If you’ve noticed an absence of substantive posting from me over the past couple days, it’s not from a lack of writing. In fact, I’ve written a couple of rants, several thousand words total, responding to the editorial endorsements of Dave Reichert by the both the Seattle Times, and even more disappointingly, the Seattle P-I.
It was cathartic. It felt good. But, well, sometimes one can be too honest, and at this point, really, what’s the point? So I’ll just keep my least constructive comments to myself.
But I’m sitting here watching the debate between Darcy Burner and Reichert on KCTS-9, a debate in which Darcy is clearly kicking the incumbent’s ass, and so I just can’t let this all pass by without at least one blunt critique, and that is that both paper’s editorial boards appear to have knowingly endorsed the least intelligent, least knowledgeable, and least capable candidate. As my 11-year-old daughter just aptly observed, Reichert “sounds like a little kid giving a report that he didn’t practice on, and knows nothing about.”
Or perhaps I give the editorial boards too much credit?
You see, I have always started from the basic assumption that the vast majority of voters would prefer elected leaders who are at least as smart and capable as they are. These are our leaders after all, and we entrust in them huge responsibilities. I accept that there are multiple intelligences, and that being book-smart is not a qualification on its own, but generally, it seems like a good idea to populate Congress with our best and our brightest.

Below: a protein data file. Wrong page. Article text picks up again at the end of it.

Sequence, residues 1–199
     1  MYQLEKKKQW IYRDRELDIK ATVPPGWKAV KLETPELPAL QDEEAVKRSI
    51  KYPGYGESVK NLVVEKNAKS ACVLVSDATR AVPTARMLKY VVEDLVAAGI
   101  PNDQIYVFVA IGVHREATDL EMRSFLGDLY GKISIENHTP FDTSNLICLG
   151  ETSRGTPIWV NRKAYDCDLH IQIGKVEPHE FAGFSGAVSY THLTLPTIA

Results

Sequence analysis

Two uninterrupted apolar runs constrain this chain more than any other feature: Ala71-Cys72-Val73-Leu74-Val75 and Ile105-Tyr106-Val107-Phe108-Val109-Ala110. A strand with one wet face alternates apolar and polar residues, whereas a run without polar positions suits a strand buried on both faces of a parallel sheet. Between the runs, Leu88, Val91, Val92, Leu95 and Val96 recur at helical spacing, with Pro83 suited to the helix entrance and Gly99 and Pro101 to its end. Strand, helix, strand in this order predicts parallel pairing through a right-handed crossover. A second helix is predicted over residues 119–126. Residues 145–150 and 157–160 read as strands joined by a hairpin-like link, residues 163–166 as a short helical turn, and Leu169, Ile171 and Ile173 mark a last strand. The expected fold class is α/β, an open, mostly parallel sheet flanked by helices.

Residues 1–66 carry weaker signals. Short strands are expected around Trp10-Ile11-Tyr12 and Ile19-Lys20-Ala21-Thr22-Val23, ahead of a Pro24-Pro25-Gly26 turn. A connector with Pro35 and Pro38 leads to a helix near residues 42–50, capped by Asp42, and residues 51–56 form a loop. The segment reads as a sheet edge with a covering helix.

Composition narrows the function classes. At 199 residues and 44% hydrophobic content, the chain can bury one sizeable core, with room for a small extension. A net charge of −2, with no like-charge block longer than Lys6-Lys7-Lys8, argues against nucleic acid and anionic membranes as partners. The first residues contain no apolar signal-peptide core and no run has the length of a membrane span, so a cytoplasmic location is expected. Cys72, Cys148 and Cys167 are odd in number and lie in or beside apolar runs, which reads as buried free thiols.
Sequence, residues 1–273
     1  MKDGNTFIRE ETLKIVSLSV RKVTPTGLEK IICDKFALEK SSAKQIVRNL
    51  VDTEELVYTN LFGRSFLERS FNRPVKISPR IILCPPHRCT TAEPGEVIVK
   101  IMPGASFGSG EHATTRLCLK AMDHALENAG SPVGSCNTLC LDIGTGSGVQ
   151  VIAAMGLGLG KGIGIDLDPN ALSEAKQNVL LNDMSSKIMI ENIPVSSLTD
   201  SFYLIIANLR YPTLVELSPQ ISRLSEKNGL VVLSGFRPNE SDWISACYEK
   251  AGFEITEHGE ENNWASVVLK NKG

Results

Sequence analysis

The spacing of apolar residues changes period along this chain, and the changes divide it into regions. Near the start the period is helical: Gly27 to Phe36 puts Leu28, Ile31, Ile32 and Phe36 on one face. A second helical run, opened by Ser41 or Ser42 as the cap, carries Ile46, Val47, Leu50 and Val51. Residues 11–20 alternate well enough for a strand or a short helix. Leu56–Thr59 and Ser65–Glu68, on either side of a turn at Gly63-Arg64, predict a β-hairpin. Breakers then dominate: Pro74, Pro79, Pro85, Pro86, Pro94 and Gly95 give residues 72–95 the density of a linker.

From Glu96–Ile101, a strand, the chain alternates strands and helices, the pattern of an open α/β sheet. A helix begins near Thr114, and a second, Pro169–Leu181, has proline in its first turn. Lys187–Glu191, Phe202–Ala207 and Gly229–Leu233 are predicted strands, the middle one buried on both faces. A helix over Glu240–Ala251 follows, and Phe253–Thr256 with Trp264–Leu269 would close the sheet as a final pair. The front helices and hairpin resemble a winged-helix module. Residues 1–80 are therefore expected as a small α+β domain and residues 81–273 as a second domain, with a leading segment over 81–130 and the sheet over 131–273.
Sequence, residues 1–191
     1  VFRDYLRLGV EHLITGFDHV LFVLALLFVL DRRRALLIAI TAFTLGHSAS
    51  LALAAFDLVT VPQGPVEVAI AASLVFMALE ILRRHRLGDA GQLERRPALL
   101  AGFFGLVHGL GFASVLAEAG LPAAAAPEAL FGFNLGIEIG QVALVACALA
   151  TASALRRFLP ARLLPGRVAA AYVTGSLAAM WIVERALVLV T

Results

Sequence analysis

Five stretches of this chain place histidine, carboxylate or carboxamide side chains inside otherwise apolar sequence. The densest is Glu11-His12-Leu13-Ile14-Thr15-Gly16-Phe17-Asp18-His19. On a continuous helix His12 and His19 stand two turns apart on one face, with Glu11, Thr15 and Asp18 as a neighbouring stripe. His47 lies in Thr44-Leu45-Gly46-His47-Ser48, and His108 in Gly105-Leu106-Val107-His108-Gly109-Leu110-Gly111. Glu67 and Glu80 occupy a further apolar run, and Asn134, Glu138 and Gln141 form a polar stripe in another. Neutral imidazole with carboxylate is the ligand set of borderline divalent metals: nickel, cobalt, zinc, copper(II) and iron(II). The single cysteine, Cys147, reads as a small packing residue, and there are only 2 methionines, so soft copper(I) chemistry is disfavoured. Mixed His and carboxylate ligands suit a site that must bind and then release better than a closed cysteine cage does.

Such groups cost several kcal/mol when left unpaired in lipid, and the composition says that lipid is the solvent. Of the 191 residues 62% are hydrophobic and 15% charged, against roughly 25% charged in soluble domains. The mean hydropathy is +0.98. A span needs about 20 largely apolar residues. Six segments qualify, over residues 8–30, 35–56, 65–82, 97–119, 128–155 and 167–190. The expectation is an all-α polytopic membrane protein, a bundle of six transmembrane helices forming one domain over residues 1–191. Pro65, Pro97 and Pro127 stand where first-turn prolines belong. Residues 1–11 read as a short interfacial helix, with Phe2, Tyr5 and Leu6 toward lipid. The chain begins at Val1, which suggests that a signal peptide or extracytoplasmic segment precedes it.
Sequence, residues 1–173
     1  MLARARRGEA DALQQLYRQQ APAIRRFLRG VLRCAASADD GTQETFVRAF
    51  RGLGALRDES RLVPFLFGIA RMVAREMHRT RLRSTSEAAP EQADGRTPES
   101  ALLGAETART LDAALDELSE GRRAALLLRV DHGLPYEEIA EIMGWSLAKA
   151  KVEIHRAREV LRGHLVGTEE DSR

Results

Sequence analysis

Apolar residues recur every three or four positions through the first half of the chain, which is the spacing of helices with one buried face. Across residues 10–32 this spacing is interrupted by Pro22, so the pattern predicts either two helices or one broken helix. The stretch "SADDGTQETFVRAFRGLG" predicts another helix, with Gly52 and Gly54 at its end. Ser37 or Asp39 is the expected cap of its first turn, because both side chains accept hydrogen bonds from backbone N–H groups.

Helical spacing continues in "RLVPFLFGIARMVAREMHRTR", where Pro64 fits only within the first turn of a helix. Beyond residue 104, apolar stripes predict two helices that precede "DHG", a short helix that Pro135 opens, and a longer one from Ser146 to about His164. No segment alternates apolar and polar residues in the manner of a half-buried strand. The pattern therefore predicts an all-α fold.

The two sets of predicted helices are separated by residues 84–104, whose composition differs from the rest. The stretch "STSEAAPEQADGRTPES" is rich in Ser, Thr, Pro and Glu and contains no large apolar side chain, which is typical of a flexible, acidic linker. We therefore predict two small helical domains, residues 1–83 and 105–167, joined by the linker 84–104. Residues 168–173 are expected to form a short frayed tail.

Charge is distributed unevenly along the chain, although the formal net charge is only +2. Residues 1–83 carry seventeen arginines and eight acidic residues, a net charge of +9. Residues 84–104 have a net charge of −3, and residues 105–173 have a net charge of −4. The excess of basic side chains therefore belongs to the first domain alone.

And the fact is, Dave Reichert is, well, average. There’s no getting around that. He’s not well educated, he’s not well informed, and he has few if any accomplishments to show for his four years in the House. Indeed, neither the Times nor the P-I argue that Reichert is exceptional in any way, instead, they argue, he is, well, good enough.
So if Reichert is good enough for our two dailies, what does that say about the editorial writers themselves?
Unlike me, do these editorialists simply not mind being represented by somebody who is less capable than they are? Or does my assumption hold true, and are these editorialists simply as mediocre as Reichert? Do they accept Reichert as good enough because they really do find him to be an intellectual equal?
I know I may come off as sounding a little elitist, but Congress is a very elite organization, and it just seems that our region would be best served by selecting the very best representatives we can find. And Reichert simply is not that.
He is, however, the incumbent, and what we have seen from both papers is little more than a defense of incumbency, a circular logic that argues that Reichert’s experience in Congress, however unremarkable, is the singular qualification that makes him a better choice than Darcy. And if that is the curious logic by which our region’s opinion leaders determine their endorsements, then my original assumption is left unchallenged.